This column is being written for publication on Jan. 20, which means that somewhere north of 90 percent of the New Year’s resolutions made by readers have by now been abandoned or forgotten.
Too bad, because there probably were some good ones in there.
The one we’re most interested in, and that we hope isn’t already in the discard pile, is this: “I resolve to take better care of my money.”
Not a bad resolution at any time, but the cost of neglecting it has been all too obvious in the five years of the Great Recession followed by not-quite recovery.
If that experience wasn’t enough to jolt us into enthusiastic adherence to monetary watchfulness, then nothing will, at least nothing we’d ever want to see happen to our economy.
The question is: Was it enough? Will we pay more attention?
That will be one of the interesting questions to track in 2013 as the economy stumbles, falters and fumbles toward something that looks like growth.
One more reminder of the importance of fiscal vigilance came in the news of regulators taking over Westside Community Bank. It’s the 17th in Washington to go under since the start of the unpleasantness, according to FDIC’s list (which puts WaMu under Nevada because that was technically where it was chartered; move it to its headquarters state and that’s 18). The tally doesn’t include those forced to sell at distress prices.
Westside Community, like so many others on the list, was done in by land development and construction loans that went south with the real estate market generally.
Some have blamed the collapse of the entire residential real estate market on fraud (by lenders and borrowers alike). Others credit inattentiveness to the standards of prudent lending and getting caught up in a bubble mania and not wanting to get left behind when others were making big money in the sector. Both contributed.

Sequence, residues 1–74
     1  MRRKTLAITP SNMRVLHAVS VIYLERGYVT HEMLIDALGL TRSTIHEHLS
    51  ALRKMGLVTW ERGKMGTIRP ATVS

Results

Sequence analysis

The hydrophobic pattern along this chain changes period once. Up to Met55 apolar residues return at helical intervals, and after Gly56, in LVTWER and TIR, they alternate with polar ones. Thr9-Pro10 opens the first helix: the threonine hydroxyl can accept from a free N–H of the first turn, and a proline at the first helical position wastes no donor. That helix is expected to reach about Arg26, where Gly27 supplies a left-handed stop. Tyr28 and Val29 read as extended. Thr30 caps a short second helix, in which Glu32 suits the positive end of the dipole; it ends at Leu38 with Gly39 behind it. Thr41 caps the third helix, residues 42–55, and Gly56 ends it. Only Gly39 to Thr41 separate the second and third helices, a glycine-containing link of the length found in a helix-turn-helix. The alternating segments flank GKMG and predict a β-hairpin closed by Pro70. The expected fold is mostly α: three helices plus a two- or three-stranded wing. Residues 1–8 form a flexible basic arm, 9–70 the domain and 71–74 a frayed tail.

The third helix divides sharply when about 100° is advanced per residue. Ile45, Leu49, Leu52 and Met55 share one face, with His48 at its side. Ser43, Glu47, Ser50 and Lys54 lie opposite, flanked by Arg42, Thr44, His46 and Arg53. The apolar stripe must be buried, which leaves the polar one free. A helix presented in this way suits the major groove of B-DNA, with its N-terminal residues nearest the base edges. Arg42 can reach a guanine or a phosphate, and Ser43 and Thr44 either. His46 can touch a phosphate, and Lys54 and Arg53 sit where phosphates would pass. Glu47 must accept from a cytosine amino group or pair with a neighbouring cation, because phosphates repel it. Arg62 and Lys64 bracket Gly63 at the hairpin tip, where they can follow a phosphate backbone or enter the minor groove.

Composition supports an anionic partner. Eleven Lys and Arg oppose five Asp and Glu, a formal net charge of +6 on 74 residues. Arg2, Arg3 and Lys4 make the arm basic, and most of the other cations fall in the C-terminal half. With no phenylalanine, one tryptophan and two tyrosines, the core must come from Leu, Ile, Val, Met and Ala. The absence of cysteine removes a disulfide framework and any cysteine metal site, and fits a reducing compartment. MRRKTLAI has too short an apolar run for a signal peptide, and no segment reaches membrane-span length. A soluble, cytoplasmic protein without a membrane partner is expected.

Now that the real estate market is recovering, sort of, and housing construction is rebounding, kind of, one would think that those bankers and builders who managed to survive will be so chastened by what they experienced that only the most rational projects will be financed, and those only after considerable due diligence.
If one thought that, one would think incorrectly. Oh, sure, you hear from borrowers about the reluctance of banks to let loose with their funds and the onerous documentation the banks insist upon. In other words (if it’s true), they’re exhibiting some of the tight-fistedness that might have kept the banking industry out of trouble had it been in place less than a decade ago.
How long will this revival of caution last? This isn’t the first real-estate meltdown we’ve been through, although most in recent memory have been far more regionally focused. After each incident, all involved swear they’ll never ever behave like that again.
Which they don’t – until they do. Memories fade. Already we’re seeing talk of spec development (building in anticipation of a customer, not with a purchase order already in hand). The greater the distance from the last calamity, the more comfortable everyone will be with loosening the rules and requirements. As we all know, real estate never loses its value, interest rates never go up and the economy never stops growing. And thus we shorten the distance to the next debacle.
“Dear God, please send us another oil boom. We promise we won’t screw it up this time.” That bumper sticker, or some variation of it, was supposedly displayed on the cars and pick-up trucks of the oil patch of Oklahoma and Texas. The expectation of permanently high oil prices, and subsequent collapse of same, led to a bust that took down the real estate market and a lot of banks with it.
The Almighty will send us another oil boom or another tech boom or another housing boom or an airplane-order boom (some analysts have warned we might be experiencing one now). And of course, we’ll screw it up. We always do. What matters to the economy is how badly caught up in one sector’s fervor everyone got. What matters to you is how long after Jan. 1 you kept up the resolution not to be among them.